Misconception #3: College students really aren’t old enough to do or be the church – From the disciples, to the key players in the Great Awakening, to Methodist circuit riders, to student volunteer movement leaders, to missions leaders like Lottie Moon, Adoniram Judson, and Hudson Taylor, God has consistently used college-aged people to build churches and launch movements. This trend continues today. While perhaps slightly older, leaders like Rick Warren (Saddleback), Ralph Moore (Hope Chapel), John Mark Clifton (NAMB Replant), Jeff Christopherson (Send Network), Clinton Clifton (Pillar Church Network), Dhati Lewis (Blueprint) – and thousands of others – planted churches in their twenties. Undoubtedly, younger planters will face challenges, create messes, and make mistakes. But they will also learn earlier and have more time to plant more churches. When we consider the risk of delaying planters for five to ten years in light of the rewards of planting early, doesn’t the call to make disciples urge us to earlier, more rapid disciple-making and church planting?
Misconception #4: No university wants (or will allow) churches to meet on campus – If a community church approaches a university requesting to launch a church or venue at the university, the answer will likely be “no.” If a group of students, however, organizes itself to start an organization on campus, the prospects are different. Universities may not be excited about someone wanting to “plant a church on campus,” but they are almost always very interested in student organizations that engage students in healthy, life-giving relationships within the university community. Further, universities do best when student life is thriving and university retention rates are high. If they are presenting and living the gospel well, churches in university contexts provide a myriad of financial, academic, and relational benefits.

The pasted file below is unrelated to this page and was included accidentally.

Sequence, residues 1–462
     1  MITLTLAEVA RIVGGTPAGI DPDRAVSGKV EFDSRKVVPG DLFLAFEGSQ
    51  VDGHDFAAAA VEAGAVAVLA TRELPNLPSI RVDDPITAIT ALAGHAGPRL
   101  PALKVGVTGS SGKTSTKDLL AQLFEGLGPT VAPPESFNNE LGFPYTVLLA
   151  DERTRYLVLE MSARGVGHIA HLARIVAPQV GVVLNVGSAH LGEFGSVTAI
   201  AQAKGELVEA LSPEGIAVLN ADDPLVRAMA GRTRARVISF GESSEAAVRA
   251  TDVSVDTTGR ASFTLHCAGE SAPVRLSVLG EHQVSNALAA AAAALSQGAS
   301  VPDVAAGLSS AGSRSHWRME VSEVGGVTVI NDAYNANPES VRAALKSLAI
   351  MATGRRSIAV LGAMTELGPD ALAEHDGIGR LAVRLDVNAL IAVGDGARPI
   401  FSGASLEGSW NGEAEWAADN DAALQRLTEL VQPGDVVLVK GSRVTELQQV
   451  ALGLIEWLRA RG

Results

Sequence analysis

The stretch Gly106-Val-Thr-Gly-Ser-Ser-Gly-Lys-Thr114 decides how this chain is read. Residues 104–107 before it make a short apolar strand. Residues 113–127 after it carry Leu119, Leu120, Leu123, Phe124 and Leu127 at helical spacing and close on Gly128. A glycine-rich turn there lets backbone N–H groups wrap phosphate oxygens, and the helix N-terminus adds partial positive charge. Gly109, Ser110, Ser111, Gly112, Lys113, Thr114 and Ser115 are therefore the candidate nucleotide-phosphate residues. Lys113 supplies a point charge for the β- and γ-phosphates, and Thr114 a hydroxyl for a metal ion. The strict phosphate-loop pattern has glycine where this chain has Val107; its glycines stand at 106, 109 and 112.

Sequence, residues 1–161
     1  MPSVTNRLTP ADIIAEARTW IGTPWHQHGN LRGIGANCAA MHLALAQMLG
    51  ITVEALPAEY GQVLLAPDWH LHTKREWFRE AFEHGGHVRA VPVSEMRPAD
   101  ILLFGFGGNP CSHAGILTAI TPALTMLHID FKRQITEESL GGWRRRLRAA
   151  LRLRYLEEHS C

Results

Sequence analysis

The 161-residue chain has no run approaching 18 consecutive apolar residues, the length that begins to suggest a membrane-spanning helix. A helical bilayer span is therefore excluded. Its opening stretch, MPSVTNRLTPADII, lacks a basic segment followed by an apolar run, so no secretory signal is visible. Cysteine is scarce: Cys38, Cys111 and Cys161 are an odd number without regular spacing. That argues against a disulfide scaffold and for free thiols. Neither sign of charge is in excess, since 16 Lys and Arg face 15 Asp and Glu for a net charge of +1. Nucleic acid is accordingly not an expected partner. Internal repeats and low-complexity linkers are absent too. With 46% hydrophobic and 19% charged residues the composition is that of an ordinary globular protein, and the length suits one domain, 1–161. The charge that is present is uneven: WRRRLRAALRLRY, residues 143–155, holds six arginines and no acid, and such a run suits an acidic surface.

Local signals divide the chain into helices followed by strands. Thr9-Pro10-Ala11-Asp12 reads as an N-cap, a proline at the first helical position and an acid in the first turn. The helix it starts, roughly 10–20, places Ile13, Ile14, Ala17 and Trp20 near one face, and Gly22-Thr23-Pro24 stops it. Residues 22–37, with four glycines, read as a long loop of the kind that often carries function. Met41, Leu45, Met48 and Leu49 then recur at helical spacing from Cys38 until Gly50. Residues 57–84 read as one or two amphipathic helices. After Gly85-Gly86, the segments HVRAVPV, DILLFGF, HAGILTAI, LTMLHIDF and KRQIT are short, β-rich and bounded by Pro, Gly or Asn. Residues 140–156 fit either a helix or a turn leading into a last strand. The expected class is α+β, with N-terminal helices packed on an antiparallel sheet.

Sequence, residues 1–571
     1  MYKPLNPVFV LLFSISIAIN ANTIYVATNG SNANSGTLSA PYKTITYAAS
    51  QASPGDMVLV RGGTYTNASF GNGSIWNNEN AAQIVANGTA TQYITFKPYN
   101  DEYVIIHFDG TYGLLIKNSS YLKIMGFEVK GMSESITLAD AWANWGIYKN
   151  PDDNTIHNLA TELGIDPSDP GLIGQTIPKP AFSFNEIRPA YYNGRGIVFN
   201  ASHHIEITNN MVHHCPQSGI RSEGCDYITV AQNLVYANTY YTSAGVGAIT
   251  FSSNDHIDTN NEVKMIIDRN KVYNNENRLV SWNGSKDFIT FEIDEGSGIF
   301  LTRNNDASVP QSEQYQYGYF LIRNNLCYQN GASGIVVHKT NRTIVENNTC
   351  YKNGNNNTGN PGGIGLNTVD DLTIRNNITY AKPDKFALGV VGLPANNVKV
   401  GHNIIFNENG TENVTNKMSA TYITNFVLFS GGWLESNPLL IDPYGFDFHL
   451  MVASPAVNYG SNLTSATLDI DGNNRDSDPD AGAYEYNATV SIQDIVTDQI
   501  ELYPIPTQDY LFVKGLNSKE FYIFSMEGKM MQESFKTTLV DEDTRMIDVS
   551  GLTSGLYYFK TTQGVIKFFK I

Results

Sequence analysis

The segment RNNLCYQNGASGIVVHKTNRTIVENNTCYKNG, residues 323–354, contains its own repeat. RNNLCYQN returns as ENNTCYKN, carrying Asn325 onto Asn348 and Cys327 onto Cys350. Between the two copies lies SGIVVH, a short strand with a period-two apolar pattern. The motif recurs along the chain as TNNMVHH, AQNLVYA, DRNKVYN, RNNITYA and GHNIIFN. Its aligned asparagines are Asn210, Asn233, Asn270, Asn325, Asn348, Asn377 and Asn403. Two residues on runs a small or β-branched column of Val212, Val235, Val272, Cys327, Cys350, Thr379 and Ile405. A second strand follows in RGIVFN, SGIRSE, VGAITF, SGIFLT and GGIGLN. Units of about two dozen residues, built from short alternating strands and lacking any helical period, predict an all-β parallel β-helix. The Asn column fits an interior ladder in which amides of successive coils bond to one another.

Misconception #5: College is where people lose faith, so it’s not a good place to invest dollars – Numerous researchers (e.g., Lifeway, Pew, Barna Group) cite the exodus of churched youth from Christianity and/or churches during their college years. If these students were the target of collegiate churches, then it would seem to be a high-cost, low-yield investment. Fortunately, collegiate churches focus the majority of their energy on making disciples and planting churches through bringing lost students to Christ, disciple-making with them, and then launching them out into the harvest. Because collegiate churches maintain a high focus on 1) reaching the lost to make disciples with a new group of incoming students and 2) preparing outgoing students to start up, lead in, or serve through church plants, they provide some of the highest yield missions investment in the church today.
If you would like to learn more about collegiate church planting or get a close look at the concept, here are a few simple next steps:
- Research – Check out www.namb.net/collegiate for details, articles, and videos about collegiate church planting.
- Conversation – Connect with me (Brian) at email@example.com or @brifrye to continue the conversation.
- Experience – Attend an upcoming Collegiate Hitchhiker event at a collegiate church planting hub. See https://www.hitchhikerssaltco.com/ to learn more about the event.